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By Adrian Lim
KUCHING, July 2: The oversupply of properties resulted from unsold units for the property market in Sarawak could just be short-term.
Sarawak Housing and Real Estate Developers’ Association (Sheda) Kuching branch’s chairman Sim Kiang Chiok opined that the overhang situation for the property market in Sarawak could be temporary.
He believed increased population coupled with rural to urban migration will create demand for properties and thus the property overhang situation could be dealt with over time.
“There are apparently many unsold properties (commercial units and residential properties) in the market.
“The situation seems to have been made worse with the Covid-19 pandemic.
“Some say that many properties will remain unsold due to their exorbitant price tags.
“My personal opinion and based on the National Property Information Centre (Napic) reports, the overhang residential properties (in Sarawak) are 1,966 units ,238 units of shops and 60 units of service apartments at the end of first quarter of 2020 (1Q20).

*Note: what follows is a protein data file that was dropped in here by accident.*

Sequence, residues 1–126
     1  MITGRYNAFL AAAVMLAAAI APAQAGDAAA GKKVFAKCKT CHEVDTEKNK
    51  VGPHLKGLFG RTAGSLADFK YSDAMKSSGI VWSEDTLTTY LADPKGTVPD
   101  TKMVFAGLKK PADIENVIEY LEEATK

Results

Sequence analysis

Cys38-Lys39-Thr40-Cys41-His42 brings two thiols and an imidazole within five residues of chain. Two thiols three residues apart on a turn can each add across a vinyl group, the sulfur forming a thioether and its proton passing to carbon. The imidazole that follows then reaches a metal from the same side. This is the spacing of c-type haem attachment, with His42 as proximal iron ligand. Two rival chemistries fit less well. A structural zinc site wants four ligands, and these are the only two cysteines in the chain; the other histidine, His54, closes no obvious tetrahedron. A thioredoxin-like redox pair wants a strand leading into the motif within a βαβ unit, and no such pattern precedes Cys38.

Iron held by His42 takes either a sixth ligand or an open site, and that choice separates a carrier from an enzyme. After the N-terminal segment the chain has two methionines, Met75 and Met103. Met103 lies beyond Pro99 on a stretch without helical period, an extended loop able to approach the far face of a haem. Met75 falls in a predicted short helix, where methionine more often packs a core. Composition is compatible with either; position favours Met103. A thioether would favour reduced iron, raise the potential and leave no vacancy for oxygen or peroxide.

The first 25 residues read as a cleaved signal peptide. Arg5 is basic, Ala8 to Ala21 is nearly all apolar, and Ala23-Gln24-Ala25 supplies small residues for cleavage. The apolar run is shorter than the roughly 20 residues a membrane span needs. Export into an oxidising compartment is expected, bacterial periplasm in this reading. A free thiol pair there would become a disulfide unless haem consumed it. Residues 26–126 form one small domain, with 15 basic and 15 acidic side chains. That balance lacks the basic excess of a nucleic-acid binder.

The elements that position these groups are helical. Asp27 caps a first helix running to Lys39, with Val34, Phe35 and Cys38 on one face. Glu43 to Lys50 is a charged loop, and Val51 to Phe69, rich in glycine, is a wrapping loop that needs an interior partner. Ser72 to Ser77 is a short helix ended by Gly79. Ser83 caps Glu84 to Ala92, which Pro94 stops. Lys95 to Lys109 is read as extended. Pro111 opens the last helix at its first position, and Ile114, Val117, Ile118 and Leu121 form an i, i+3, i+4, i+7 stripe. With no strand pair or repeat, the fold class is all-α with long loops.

“With our population growth, rural to urban migration I foresee that this overhang is only temporary and can be absorbed when the financial institutions are willing to lend based on more relaxed guidelines, stable job market and world economic and market confidence are restored after the MCO lockdown,” he said in a statement.
He observed that the unsold properties up to 1Q20 constituted approximately 20 per cent as compared to the total number of residential property transactions in 2019.
Elaborating further, Sim who is a director of Sim Swee Yong Development and Construction Sdn Bhd said there were 1,966 units of unsold residential units in 1Q20 throughout Sarawak as opposed to 9,914 units of houses sold in 2019.
Breaking down the strata titled properties such as townhouse, condominium and apartment, he said those categories of unsold properties constituted about 1,082 units, and landed 884 units.
He added that in Kuching, there are 994 units of unsold properties which made up of 755 units of high rise apartments and 239 units of landed properties.
Before the Movement Control Order (MCO) was implemented, Sim opined the situation of oversupply of properties could be due to poor location, pricing mismatch, suitability of building designs, development layout, and ease of obtaining loans. —DayakDaily